It has the potential to take you outside

Let's talk about vitamin D if you don't believe that how much time you spend outside has an impact on your health.

The sun is our primary source of this important vitamin, which keeps your bones healthy, your mood up, and your immune system running smoothly—which is why new research published in the Journal of Pharmacology and Pharmacotherapeutics suggests that the more time you spend outside, the better.

This isn't to say that treadmill running isn't beneficial; as the author points out, "outdoor and indoor jogging may actually complement each other."

"The treadmill can be a useful training tool because it keeps a runner's pacing consistent and provides a safe, temperature-controlled environment to run in," she says.

It could help you sleep better

Cardiovascular activity, according to John Hopkins Medical Center researchers, can help you fall asleep sooner and sleep better—as long as you leave yourself a few hours to settle down before bed.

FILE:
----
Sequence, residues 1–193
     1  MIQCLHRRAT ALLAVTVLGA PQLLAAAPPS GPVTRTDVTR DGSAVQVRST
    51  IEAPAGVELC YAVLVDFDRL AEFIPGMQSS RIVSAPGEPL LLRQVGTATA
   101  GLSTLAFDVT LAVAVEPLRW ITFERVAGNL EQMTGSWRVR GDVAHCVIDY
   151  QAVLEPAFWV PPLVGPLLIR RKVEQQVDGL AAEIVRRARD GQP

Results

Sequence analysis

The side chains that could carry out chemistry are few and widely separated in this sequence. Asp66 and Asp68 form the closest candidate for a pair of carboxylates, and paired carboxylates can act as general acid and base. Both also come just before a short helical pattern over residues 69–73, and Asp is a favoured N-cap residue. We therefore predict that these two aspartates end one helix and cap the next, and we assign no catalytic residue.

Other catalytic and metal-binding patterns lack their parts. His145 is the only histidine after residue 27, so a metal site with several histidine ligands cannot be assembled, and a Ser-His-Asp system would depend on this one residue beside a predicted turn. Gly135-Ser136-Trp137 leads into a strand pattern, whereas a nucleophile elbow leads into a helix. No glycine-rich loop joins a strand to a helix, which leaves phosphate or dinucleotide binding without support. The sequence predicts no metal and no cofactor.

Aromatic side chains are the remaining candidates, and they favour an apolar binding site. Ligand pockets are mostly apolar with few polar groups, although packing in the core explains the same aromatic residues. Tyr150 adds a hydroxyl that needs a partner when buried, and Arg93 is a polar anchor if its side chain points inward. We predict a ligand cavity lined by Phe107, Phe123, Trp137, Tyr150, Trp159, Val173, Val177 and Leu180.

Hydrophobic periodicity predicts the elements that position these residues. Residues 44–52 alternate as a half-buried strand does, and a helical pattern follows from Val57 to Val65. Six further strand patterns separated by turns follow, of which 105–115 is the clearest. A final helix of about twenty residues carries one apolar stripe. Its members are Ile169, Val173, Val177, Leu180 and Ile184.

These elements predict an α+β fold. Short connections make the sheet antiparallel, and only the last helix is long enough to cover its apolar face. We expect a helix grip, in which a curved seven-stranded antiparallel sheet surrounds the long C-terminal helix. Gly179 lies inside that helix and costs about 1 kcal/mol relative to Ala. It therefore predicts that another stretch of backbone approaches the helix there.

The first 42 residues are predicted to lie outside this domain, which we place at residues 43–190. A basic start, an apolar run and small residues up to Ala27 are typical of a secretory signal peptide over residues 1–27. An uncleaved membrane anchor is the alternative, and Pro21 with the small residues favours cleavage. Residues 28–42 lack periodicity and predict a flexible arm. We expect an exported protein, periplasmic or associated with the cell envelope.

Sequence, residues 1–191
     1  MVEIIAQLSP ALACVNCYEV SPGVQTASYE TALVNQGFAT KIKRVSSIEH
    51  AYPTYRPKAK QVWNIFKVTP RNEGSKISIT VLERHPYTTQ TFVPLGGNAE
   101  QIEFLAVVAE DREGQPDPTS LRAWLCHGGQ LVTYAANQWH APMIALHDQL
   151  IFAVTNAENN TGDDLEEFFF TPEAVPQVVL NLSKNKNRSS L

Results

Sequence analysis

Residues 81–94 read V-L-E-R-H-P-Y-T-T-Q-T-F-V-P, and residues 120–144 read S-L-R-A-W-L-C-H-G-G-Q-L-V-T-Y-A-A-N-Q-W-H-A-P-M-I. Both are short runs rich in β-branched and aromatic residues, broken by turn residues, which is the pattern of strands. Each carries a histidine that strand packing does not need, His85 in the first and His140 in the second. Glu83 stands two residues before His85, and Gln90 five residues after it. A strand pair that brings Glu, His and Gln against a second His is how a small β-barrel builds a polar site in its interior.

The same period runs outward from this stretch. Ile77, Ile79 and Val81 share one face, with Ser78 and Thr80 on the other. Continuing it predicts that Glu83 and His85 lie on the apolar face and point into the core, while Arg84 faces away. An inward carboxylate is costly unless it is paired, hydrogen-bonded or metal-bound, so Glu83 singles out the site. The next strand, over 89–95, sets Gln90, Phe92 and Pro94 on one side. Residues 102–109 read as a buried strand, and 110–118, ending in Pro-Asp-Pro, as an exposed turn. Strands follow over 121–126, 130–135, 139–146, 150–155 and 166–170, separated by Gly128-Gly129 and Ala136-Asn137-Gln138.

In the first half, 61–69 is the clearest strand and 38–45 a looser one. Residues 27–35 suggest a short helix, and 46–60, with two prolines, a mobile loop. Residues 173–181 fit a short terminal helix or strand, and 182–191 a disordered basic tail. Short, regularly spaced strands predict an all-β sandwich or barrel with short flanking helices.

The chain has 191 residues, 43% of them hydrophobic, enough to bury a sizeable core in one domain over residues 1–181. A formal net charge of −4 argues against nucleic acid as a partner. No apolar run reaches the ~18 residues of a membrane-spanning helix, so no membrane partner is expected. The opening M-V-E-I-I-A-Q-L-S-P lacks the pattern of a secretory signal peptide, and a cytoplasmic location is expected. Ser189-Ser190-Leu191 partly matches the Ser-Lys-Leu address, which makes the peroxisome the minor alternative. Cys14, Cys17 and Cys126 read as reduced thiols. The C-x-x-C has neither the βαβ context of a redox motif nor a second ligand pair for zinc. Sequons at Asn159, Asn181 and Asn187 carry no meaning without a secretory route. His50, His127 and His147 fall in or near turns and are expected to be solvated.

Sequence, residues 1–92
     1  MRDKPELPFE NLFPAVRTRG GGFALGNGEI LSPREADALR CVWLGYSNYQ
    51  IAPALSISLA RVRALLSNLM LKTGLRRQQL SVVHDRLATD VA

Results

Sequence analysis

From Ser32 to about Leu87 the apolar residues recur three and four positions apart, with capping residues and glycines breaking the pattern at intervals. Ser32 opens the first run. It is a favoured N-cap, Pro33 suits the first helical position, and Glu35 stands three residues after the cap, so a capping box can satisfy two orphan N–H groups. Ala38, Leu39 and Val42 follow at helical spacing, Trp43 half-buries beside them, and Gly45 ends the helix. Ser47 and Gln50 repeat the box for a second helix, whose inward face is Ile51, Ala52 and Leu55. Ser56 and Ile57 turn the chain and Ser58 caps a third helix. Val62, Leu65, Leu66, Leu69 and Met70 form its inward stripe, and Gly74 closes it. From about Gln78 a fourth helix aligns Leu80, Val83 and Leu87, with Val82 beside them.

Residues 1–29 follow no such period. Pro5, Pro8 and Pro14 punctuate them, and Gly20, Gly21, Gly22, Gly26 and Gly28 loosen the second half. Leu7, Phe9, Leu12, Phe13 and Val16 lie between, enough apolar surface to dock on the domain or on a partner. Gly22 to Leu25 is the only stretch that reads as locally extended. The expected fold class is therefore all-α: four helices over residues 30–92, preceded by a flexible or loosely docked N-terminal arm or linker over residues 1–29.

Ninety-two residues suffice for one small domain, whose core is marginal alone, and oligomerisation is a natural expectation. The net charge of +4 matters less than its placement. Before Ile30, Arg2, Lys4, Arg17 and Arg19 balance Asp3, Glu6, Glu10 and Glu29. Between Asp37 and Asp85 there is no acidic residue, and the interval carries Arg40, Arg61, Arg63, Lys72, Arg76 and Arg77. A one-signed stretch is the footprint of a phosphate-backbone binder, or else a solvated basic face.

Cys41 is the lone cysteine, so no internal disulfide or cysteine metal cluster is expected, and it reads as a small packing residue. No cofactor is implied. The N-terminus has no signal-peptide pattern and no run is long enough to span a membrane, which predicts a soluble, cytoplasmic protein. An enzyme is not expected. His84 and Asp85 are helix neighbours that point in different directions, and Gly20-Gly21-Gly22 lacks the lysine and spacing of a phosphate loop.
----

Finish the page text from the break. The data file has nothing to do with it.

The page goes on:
Sims has personally reaped the benefits: "Running helps you fall asleep sooner, allowing you to sleep longer," she explains. Plus, "the more sleep you get, the more likely you are to stick to a workout plan."

Running boost your immune system

David Nieman, an exercise scientist and 58-time marathoner, has spent the last 40 years studying the relationship between exercise and immunity.

While looking at the effects of nutrition on the immunity state of runners, he discovered mostly extremely good news and a few cautionary remarks.

His summary is as follows: Modest exercise boosts immunity; ultra-endurance attempts can lower immunity (at least until you have fully recovered), and dark red/blue/black berries help your body stay robust and healthy.

"The compelling link between physical exercise and the body's defense system," wrote Nieman and Laurel M. Wentz in a 2019 study.

They present evidence that running can, among other things, improve disease surveillance, reduce inflammation, improve gut microbiome composition, reduce the risk of upper respiratory infections and influenza, and improve antibody response.